See also[edit]
 International variation in quotation marks
 Emoticon
 Japanese typographic symbols
 Order of operations
References[edit]
 ^ UAX #9: Unicode Bidirectional Algorithm, 3.1.3 Paired Brackets
 ^ Truss, Lynne. Eats, Shoots & Leaves, 2003. p. 161. ISBN 1592400876.
 ^ Smith, John. The printer’s grammar: containing a concise history of the origin of printing; Also, an examination of the superficies, gradation, and properties of The different sizes of types cast by letter founders; Various Tables of Calculation; Models of Letter Cases; Schemes for casting off Copy and Imposing; and many other Requisites for attaining a perfect Knowledge both in the Theory and Practice of the Art of Printing. With directions to authors, compilers, &c. How to Prepare Copy, and to Correct their own Proofs. Chiefly collected from SMITH’s edition. To which are added directions for pressmen, &c. The whole calculated for the Service of All who have any Concern in the Letter Press. p. 84.
 ^ Concise Oxford Dictionary, 10th Edition, Oxford University Press, Great Clarendon Street, Oxford OX2 2DP, UK
 ^ "broket". Catb.org. Retrieved 20130213.
 ^ "Terminology Search  Microsoft". Microsoft Language Portal  Terminology Collection. Retrieved 21 November 2016.
 ^ MerriamWebster's Manual for Writers and Editors. MerriamWebster. 1998. p. 149. ISBN 087779622X. At Google Books.
 ^ Robert Bringhurst, The Elements of Typographic Style, §5.3.2.
 ^ Forsmann, Friedrich; DeJong, Ralf (2004). Detailtypografie [Detail Typography] (in German). Mainz: Herrmann Schmidt. p. 263. ISBN 9783874396424.
 ^ Straus, Jane. "Parentheses — Punctuation Rules". The Blue Book of Grammar and Punctuation. grammarbook.com. Retrieved 18 April 2014.
 ^ Slash (punctuation)#Genderneutrality in Spanish and Portuguese
 ^ Fogarty, Mignon. "Parentheses, Brackets, and Braces". Quick and Dirty Tips. Retrieved 27 March 2011.
 ^ "The Free Online Dictionary". Thefreedictionary.com. Retrieved 20130213.
 ^ Fleishman, Cooper; Smith, Anthony (1 June 2016). "(((Echoes))), Exposed: The Secret Symbol NeoNazis Use to Target Jews Online". Mic. Retrieved 4 June 2016.
 ^ "Archived copy". Archived from the original on 6 August 2014. Retrieved 20140801.
 ^ The Chicago Manual of Style, 15th ed., The University of Chicago Press, 2003, §6.104
 ^ "Bartleby.com: Great Books Online  Quotes, Poems, Novels, Classics and hundreds more". bartleby.com. Archived from the original on 24 May 2008.
 ^ The Chicago Manual of Style, 15th ed., The University of Chicago Press, 2003, §6.102 and §6.106
 ^ The Chicago Manual of Style, 15th ed., The University of Chicago Press, 2003, §6.105
 ^ The Chicago Manual of Style, 15th ed., The University of Chicago Press, 2003, §6.107
 ^ Are curly braces ever used in normal text? If not, why were they created?
 ^ Decodeunicode.org > U+007B LEFT CURLY BRACKET Retrieved on 3 May 2009
 ^ "Brace and Indent Styles and Code Convention". riedquat.de. Archived from the original on 24 September 2015.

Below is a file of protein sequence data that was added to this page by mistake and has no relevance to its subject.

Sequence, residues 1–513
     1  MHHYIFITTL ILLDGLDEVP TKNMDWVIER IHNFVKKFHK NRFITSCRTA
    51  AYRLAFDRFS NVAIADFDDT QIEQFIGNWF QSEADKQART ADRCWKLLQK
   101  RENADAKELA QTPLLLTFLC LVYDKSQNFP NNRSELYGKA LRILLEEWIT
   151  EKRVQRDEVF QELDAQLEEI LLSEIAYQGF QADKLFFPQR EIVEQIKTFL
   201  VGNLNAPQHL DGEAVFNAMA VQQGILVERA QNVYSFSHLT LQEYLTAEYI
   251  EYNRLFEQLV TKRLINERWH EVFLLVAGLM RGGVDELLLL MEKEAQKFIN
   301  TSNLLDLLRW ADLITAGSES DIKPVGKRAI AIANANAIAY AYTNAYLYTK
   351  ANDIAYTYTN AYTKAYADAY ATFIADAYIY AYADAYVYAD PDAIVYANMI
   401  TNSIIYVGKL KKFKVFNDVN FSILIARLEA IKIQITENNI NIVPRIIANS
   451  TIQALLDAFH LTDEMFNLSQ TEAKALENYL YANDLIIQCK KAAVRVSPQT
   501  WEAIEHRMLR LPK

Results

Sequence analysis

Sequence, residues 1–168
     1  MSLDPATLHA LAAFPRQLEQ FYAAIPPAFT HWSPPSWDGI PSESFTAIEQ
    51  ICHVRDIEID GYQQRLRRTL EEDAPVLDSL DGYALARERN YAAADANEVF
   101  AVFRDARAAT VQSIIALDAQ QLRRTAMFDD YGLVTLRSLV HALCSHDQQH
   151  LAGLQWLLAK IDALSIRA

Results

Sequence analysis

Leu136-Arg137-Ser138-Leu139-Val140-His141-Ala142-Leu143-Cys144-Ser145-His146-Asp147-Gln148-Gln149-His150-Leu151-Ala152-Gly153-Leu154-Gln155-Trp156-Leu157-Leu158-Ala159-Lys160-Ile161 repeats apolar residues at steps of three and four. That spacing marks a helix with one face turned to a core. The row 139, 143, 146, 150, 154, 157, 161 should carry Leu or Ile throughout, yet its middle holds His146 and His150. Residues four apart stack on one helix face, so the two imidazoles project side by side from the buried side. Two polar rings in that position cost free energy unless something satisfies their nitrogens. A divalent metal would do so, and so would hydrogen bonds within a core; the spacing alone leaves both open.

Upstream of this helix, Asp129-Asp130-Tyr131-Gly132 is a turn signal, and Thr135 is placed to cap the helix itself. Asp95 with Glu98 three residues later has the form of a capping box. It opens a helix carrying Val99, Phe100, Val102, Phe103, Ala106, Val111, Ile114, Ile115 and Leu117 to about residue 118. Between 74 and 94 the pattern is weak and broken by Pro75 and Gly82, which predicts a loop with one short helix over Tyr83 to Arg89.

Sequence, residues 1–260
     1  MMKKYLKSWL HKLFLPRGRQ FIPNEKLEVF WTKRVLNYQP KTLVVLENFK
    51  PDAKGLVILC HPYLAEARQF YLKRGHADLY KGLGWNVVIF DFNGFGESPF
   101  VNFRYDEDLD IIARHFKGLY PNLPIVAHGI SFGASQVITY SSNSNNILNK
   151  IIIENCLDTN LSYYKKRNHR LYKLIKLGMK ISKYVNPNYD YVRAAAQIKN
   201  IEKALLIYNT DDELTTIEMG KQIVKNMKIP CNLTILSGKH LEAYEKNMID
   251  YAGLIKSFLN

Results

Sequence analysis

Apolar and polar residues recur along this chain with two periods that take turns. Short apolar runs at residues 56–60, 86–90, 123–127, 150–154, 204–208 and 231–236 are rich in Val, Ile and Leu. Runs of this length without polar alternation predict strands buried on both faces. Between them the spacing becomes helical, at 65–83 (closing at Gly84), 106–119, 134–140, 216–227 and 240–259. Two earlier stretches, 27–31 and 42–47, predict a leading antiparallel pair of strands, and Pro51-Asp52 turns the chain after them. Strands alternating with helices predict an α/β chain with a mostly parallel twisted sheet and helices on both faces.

^ Bauer, Laurie (2007). "Notational conventions. Brackets". The Linguistics Student's Handbook. Edinburgh: Edinburgh University Press. p. 99.
 ^ ^{a} ^{b} Sampson, Geoffrey (2016). "Writing systems: methods for recording language". In Allan, Keith. The Routledge Handbook of Linguistics. Routledge. p. 60.
 ^ ^{a} ^{b} Trask, Robert Lawrence (2000). "Angle brackets". The Dictionary of Historical and Comparative Linguistics. Edinburgh: Edinburgh University Press. p. 22.
 ^ M.L. West (1973) Textual Criticism and Editorial Technique (Stuttgart) 81.
 ^ ^{a} ^{b} ^{c} ^{d} ^{e} ^{f} "Miscellaneous Technical Code Chart" (PDF), The Unicode Standard, retrieved 20160227
 ^ Dowty, D., Wall, R. and Peters, S.: 1981, Introduction to Montague semantics, Springer.
 ^ Scott, D. and Strachey, C.: 1971, Toward a mathematical semantics for computer languages, Oxford University Computing Laboratory, Programming Research Group.
 ^ See sv:Parentes
 ^ Brian W. Kernighan, Dennis M. Ritchie. "The C Programming Language", 1988. p. 7. ISBN 0131103709
 ^ Bjarne Stroustrup, "The C++ Programming Language", 2013. p.39. ISBN 0133522857
 ^ ^{a} ^{b} "C0 Controls and Basic Latin Code Chart" (PDF), The Unicode Standard, retrieved 20160227
 ^ "C1 Controls and Latin1 Supplement Code Chart" (PDF), The Unicode Standard, retrieved 20160227
 ^ ^{a} ^{b} "General Punctuation Code Chart" (PDF), The Unicode Standard, retrieved 20160301
 ^ "Superscripts and Subscripts Code Chart" (PDF), The Unicode Standard, retrieved 20160227
 ^ "Miscellaneous Mathematical SymbolsA Code Chart" (PDF), The Unicode Standard, retrieved 20160227
 ^ "Miscellaneous Mathematical SymbolsB Code Chart" (PDF), The Unicode Standard, retrieved 20160227
 ^ ^{a} ^{b} ^{c} ^{d} "Supplemental Punctuation Code Chart" (PDF), The Unicode Standard, retrieved 20160227
 ^ "Dingbats Code Chart" (PDF), The Unicode Standard, retrieved 20160227
 ^ "Arabic Presentation FormsA Code Chart" (PDF), The Unicode Standard, retrieved 20160227
 ^ "Ogham Code Chart" (PDF), The Unicode Standard, retrieved 20160227
 ^ "Tibetan Code Chart" (PDF), The Unicode Standard, retrieved 20160227
 ^ ^{a} ^{b} "CJK Symbols and Punctuation Code Chart" (PDF), The Unicode Standard, retrieved 20160227
 ^ ^{a} ^{b} ^{c} "Halfwidth and Fullwidth Forms Code Chart" (PDF), The Unicode Standard, retrieved 20160227
 ^ Bob, Bemer. "The Great Curly Brace Trace Chase". Retrieved 20090905.
Bibliography[edit]
 Lennard, John (1991). But I Digress: The Exploitation of Parentheses in English Printed Verse. Oxford: Clarendon Press. ISBN 0198112475.
 Turnbull; et al. (1964). The Graphics of Communication. New York: Holt. States that what are depicted as brackets above are called braces and braces are called brackets. This was the terminology in US printing prior to computers.